Bash by example, Part 2

More bash programming fundamentals

In his introductory article on bash, Daniel Robbins walked you through some of the scripting language's basic elements and reasons for using bash. In this, the second installment, Daniel picks up where he left off and looks at bash's basic constructs like conditional (if-then) statements, looping, and more.

04 Jan 2013 - In response to reader comment, updated information in these sections: Accepting arguments, Conditional love, String comparison caveats, Looping constructs: "for", and Functions and namespaces.

18 Feb 2013 - In response to reader comment, updated the Common Bash comparisons table. In the row with an Operator value of "-f" and Meaning value of "Exists and is directory," changed Operator value to "-d" and [ -f "$myfile" ] character string to: [ -d "$mydir" ].


Daniel Robbins (, President and CEO, Gentoo Technologies, Inc.

Residing in Albuquerque, New Mexico, Daniel Robbins is the Chief Architect of the Gentoo Project, CEO of Gentoo Technologies, Inc., the mentor for the Linux Advanced Multimedia Project (LAMP), and a contributing author for the Macmillan books Caldera OpenLinux Unleashed, SuSE Linux Unleashed, and Samba Unleashed. Daniel has been involved with computers in some fashion since the second grade, when he was first exposed to the Logo programming language as well as a potentially dangerous dose of Pac Man. This probably explains why he has since served as a Lead Graphic Artist at SONY Electronic Publishing/Psygnosis. Daniel enjoys spending time with his wife, Mary, who is expecting a child this spring. You can contact Daniel at

18 February 2013 (First published 01 April 2000)

Also available in Japanese

Let's start with a brief tip on handling command-line arguments, and then look at bash's basic programming constructs.

Accepting arguments

In the sample program in the introductory article, we used the environment variable "$1", which referred to the first command-line argument. Similarly, you can use "$2", "$3", etc. to refer to the second and third arguments passed to your script. Here's an example:

#!/usr/bin/env bash

echo name of script is $0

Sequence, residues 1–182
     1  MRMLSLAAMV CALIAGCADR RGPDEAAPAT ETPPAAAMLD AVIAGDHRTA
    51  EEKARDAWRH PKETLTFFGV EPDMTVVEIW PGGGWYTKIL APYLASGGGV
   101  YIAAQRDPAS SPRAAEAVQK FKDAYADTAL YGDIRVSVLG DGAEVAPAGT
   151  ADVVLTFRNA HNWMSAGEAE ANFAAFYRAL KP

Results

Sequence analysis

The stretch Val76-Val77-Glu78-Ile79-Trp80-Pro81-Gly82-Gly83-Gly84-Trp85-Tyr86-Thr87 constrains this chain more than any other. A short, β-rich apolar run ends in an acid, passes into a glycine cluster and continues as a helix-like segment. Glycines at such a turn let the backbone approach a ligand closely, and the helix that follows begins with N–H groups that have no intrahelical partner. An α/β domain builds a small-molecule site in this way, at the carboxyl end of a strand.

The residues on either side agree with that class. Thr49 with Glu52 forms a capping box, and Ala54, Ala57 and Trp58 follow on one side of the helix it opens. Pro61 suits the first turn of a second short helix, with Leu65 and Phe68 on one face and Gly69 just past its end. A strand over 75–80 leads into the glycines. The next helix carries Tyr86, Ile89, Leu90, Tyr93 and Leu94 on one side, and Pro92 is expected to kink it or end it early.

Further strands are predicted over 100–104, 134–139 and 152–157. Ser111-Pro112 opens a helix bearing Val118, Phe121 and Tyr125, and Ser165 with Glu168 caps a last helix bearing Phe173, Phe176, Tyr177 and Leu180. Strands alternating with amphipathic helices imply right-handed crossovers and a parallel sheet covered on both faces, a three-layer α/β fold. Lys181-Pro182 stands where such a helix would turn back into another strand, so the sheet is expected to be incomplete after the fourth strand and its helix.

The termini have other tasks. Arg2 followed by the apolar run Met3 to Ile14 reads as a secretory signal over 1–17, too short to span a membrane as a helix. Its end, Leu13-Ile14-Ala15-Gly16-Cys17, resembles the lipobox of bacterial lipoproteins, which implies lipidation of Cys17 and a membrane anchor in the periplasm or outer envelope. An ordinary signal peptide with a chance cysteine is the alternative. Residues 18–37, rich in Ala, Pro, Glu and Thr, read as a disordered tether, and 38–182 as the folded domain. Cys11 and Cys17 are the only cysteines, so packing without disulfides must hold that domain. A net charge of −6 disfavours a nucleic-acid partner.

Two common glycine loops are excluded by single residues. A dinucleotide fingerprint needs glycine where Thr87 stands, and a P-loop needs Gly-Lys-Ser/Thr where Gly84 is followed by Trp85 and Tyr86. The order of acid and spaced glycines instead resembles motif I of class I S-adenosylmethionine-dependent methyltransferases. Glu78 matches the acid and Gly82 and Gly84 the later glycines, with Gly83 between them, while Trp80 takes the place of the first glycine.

echo first argument is $1
echo second argument is $2
echo seventeenth argument is ${17}
echo number of arguments is $#

The example is self explanatory except for three small details. First, "$0" will expand to the name of the script, as called from the command line, second, for arguments 10 and above, you need to enclose the whole argument number in curly braces, and third, "$#" will expand to the number of arguments passed to the script. Play around with the above script, passing different kinds of command-line arguments to get the hang of how it works.

Sometimes, it's helpful to refer to all command-line arguments at once. For this purpose, bash features the "$@" variable, which expands to all command-line parameters separated by spaces. We'll see an example of its use when we take a look at "for" loops, a bit later in this article.

Bash programming constructs

If you've programmed in a procedural language like C, Pascal, Python, or Perl, then you're familiar with standard programming constructs like "if" statements, "for" loops, and the like. Bash has its own versions of most of these standard constructs. In the next several sections, I will introduce several bash constructs and demonstrate the differences between these constructs and others you are already familiar with from other programming languages. If you haven't programmed much before, don't worry. I include enough information and examples so that you can follow the text.

Conditional love

If you've ever programmed any file-related code in C, you know that it requires a significant amount of effort to see if a particular file is newer than another. That's because C doesn't have any built-in syntax for performing such a comparison; instead, two stat() calls and two stat structures must be used to perform the comparison by hand. In contrast, bash has standard file comparison operators built in, so determining if "/tmp/myfile is readable" is as easy as checking to see if "$myvar is greater than 4".

The following table lists the most frequently used bash comparison operators. You'll also find an example of how to use every option correctly. The example is meant to be placed immediately after the "if". For example:

if [ -z "$myvar" ]
        echo "myvar is not defined"

Note: You must separate the square brackets from other text by a space.

Common Bash comparisons
-zZero-length string[ -z "$myvar" ]
-nNon-zero-length string[ -n "$myvar" ]
=String equality[ "abc" = "$myvar" ]
!=String inequality[ "abc" != "$myvar" ]
-eqNumeric equality[ 3 -eq "$myinteger" ]
-neNumeric inequality[ 3 -ne "$myinteger" ]
-ltNumeric strict less than[ 3 -lt "$myinteger" ]
-leNumeric less than or equals[ 3 -le "$myinteger" ]
-gtNumeric strict greater than[ 3 -gt "$myinteger" ]
-geNumeric greater than or equals[ 3 -ge "$myinteger" ]
-fExists and is regular file[ -f "$myfile" ]
-dExists and is directory[ -d "$mydir" ]
-ntFirst file is newer than second one[ "$myfile" -nt ~/.bashrc ]
-otFirst file is older than second one[ "$myfile" -ot ~/.bashrc ]

Sometimes, there are several different ways that a particular comparison can be made. For example, the following two snippets of code function identically:

if [ "$myvar" -eq 3 ]
    echo "myvar equals 3"

if [ "$myvar" = "3" ]
    echo "myvar equals 3"

If $myvar is an integer, these two comparisons do exactly the same thing, but the first uses arithmetic comparison operators, while the second uses string comparison operators. If $myvar is not an integer, then the first comparison will fail with an error.

String comparison caveats

Most of the time, while you can omit the use of double quotes surrounding strings and string variables, it's not a good idea. Why? Because your code will work perfectly, unless an environment variable happens to have a space or a tab in it, in which case bash will get confused. Here's an example of a fouled-up comparison: